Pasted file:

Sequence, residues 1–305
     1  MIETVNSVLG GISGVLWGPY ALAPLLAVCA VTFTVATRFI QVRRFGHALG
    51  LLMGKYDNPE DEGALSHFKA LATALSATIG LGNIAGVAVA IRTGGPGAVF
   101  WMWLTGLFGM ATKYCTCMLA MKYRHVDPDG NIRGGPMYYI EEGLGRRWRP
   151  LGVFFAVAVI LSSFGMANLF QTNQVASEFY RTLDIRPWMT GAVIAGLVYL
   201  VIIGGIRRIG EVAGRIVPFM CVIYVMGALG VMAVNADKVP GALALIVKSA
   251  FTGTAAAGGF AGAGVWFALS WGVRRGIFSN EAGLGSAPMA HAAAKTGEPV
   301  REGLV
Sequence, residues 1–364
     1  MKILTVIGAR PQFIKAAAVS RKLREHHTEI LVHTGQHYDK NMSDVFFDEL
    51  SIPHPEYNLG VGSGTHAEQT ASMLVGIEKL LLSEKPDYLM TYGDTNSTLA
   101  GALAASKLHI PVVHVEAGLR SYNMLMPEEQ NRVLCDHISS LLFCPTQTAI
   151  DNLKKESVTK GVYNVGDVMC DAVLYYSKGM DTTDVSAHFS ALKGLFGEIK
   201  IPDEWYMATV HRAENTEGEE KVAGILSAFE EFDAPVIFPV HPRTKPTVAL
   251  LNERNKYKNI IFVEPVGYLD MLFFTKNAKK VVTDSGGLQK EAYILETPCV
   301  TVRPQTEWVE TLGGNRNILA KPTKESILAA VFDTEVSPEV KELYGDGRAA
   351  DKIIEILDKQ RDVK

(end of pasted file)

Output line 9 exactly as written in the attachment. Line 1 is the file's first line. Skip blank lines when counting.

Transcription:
Sequence, residues 1–364